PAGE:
Immigration Immigration
Stories About

Immigration

Carlos Catarldo Gomez, of Honduras, center, is escorted by Mexican officials after leaving the United States, the first person returned to Mexico to wait for his asylum trial date, in Tijuana, Mexico Gregory Bull/AP hide caption

toggle caption
Gregory Bull/AP

Children of Mexican immigrants wait to receive a free health checkup inside a mobile clinic at the Mexican Consulate in Denver, Colo., in 2009. The Trump administration wants to ratchet up scrutiny of the use of social services by immigrants. That's already led some worried parents to avoid family health care. John Moore/Getty Images hide caption

toggle caption
John Moore/Getty Images

Fear Of Deportation Or Green Card Denial Deters Some Parents From Getting Kids Care

  • Download
  • <iframe src="https://www.npr.org/player/embed/686325494/688976867" width="100%" height="290" frameborder="0" scrolling="no" title="NPR embedded audio player">
  • Transcript

President Trump's proposal to end the partial government shutdown includes not only funding for an expanded border wall, parts of which can be seen from Tijuana, Mexico, but also provisions that further restrict asylum seekers. Gregory Bull/AP hide caption

toggle caption
Gregory Bull/AP

Honduran migrants wait in line to cross over the border checkpoint into Guatemala in Agua Caliente, Honduras. A new caravan of at least several hundred Hondurans has set off toward the United States on foot or in vehicles. Some have already crossed into Guatemala. Mario Tama/Getty Images hide caption

toggle caption
Mario Tama/Getty Images

An employee of Tokyo Electric Power Co. works at Japan's Fukushima Dai-ichi nuclear power plant to decontaminate the area after the 2011 nuclear meltdown. A Vietnamese laborer in Japan on a training program says he was also put to work cleaning up the site, but with inadequate gear. Christopher Furlong/Getty Images hide caption

toggle caption
Christopher Furlong/Getty Images

As Japan Tries Out Immigration, Migrant Workers Complain Of Exploitation

  • Download
  • <iframe src="https://www.npr.org/player/embed/683224099/688124732" width="100%" height="290" frameborder="0" scrolling="no" title="NPR embedded audio player">
  • Transcript

Asylum seekers stand at a bus stop after they were dropped off by Immigration and Customs Enforcement at the Greyhound bus station in El Paso, Texas on Dec. 23. Paul Ratje/AFP/Getty Images hide caption

toggle caption
Paul Ratje/AFP/Getty Images

Homeland Security Secretary Kirstjen Nielsen announced a host of "extraordinary protective measures" designed to improve conditions for children and adults held in U.S. Customs and Border Protection custody. Susan Walsh/AP hide caption

toggle caption
Susan Walsh/AP

Gerald Champion Regional Medical Center in Alamogordo, New Mexico where an 8-year-old boy from Guatemala died in government custody on Monday U.S. Customs and Border Protection says. Paul Ratje/AFP/Getty Images hide caption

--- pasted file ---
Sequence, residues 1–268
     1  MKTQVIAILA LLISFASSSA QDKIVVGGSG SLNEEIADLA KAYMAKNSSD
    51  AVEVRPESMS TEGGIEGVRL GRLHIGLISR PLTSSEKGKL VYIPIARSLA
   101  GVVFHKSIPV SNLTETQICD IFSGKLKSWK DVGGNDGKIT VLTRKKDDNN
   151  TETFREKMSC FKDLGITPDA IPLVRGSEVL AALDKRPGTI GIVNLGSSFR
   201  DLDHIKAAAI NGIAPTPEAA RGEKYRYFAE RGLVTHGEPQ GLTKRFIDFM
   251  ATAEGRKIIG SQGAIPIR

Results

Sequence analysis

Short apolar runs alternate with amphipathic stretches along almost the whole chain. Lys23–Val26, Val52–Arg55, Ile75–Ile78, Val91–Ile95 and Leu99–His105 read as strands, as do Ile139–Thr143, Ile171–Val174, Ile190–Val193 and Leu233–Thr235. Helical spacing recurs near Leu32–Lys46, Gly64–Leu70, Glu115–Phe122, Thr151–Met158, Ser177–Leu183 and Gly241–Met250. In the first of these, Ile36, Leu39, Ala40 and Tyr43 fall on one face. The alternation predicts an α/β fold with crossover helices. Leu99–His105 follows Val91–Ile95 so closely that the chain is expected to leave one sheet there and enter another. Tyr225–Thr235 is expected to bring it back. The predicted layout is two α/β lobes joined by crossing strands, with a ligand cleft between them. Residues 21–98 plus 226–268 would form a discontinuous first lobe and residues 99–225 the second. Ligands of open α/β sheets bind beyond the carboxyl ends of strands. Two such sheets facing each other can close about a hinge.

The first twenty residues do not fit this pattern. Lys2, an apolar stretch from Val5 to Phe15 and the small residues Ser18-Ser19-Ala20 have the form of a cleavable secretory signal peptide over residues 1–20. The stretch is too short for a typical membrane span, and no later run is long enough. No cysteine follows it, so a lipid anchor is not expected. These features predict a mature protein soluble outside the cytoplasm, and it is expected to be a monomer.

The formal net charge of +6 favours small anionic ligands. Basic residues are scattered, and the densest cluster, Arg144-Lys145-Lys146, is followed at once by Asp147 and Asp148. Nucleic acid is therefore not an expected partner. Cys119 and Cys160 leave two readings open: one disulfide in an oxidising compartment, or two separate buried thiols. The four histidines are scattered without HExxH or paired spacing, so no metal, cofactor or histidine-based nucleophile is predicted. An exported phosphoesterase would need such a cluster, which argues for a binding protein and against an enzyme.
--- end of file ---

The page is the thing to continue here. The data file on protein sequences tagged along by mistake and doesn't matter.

toggle caption
Paul Ratje/AFP/Getty Images

Homeland Security Secretary Kirstjen Nielsen looks at her papers while testifying before members of the House Judiciary Committee on Thursday in Washington, D.C. Mark Wilson/Getty Images hide caption

toggle caption
Mark Wilson/Getty Images

When thousands of Hondurans and other Central Americans poured into Tijuana, Aguilar knew he had to do something. "They're from the same streets and cities as us. They're family!" he says. "It wasn't up for discussion, it was simply a matter of going out there and getting these people fed with a taste of home." Tomás Ayuso for NPR hide caption

toggle caption
Tomás Ayuso for NPR

U.S. Border Patrol next to the the border wall dividing Nogales, Ariz., and Nogales Mexico. Susan Schulman/Barcroft Media via Getty Images hide caption

toggle caption
Susan Schulman/Barcroft Media via Getty Images

Opinion: What The Death Of A 7-Year-Old Migrant Says About This Country

  • Download
  • <iframe src="https://www.npr.org/player/embed/676894328/677015832" width="100%" height="290" frameborder="0" scrolling="no" title="NPR embedded audio player">
  • Transcript

Naser al-Shimary, deported this year to Iraq from the U.S., greets his four-year-old son Vincent at Baghdad international airport. Shimary had lived in the U.S. since he was five years old. He agreed to be deported under a practice halted by a U.S. court this summer. Jane Arraf/NPR hide caption

toggle caption
Jane Arraf/NPR

'They Know I'm Different': Deportee Struggles In Iraq After Decades Living In U.S.

  • Download
  • <iframe src="https://www.npr.org/player/embed/662218863/670877153" width="100%" height="290" frameborder="0" scrolling="no" title="NPR embedded audio player">

Roy Daley, 74, with his wife, Ana Smith-Daley, 71, (left) and his daughter, Lucy Figueroa, 41, at StoryCorps in Austin, Texas. Savannah Winchester/StoryCorps hide caption

toggle caption
Savannah Winchester/StoryCorps

'An Opportunity To Be Thankful': Reflecting On A First Thanksgiving In The U.S.

  • Download
  • <iframe src="https://www.npr.org/player/embed/669370342/670373353" width="100%" height="290" frameborder="0" scrolling="no" title="NPR embedded audio player">
  • Transcript

House Democratic Leader Nancy Pelosi, D-Calif., and Rep. Ben Ray Lujan, D-N.M., Democratic Congressional Campaign Committee chairman, celebrate. Brendan Smialowski/AFP/Getty Images hide caption

toggle caption
Brendan Smialowski/AFP/Getty Images